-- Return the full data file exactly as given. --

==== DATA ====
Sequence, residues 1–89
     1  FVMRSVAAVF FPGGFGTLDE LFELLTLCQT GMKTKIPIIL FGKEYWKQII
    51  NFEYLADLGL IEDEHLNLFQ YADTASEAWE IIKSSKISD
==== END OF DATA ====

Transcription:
Sequence, residues 1–89
     1  FVMRSVAAVF FPGGFGTLDE LFELLTLCQT GMKTKIPIIL FGKEYWKQII
    51  NFEYLADLGL IEDEHLNLFQ YADTASEAWE IIKSSKISD